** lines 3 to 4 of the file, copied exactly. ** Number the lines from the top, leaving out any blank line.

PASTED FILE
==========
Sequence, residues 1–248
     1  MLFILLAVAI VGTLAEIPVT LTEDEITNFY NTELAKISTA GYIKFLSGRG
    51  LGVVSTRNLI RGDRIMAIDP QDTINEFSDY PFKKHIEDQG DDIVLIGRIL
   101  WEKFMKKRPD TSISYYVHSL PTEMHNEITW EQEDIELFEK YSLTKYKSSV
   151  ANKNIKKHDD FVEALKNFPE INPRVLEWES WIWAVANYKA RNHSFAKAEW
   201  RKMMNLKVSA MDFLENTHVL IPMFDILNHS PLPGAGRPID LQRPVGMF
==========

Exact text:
    51  LGVVSTRNLI RGDRIMAIDP QDTINEFSDY PFKKHIEDQG DDIVLIGRIL
   101  WEKFMKKRPD TSISYYVHSL PTEMHNEITW EQEDIELFEK YSLTKYKSSV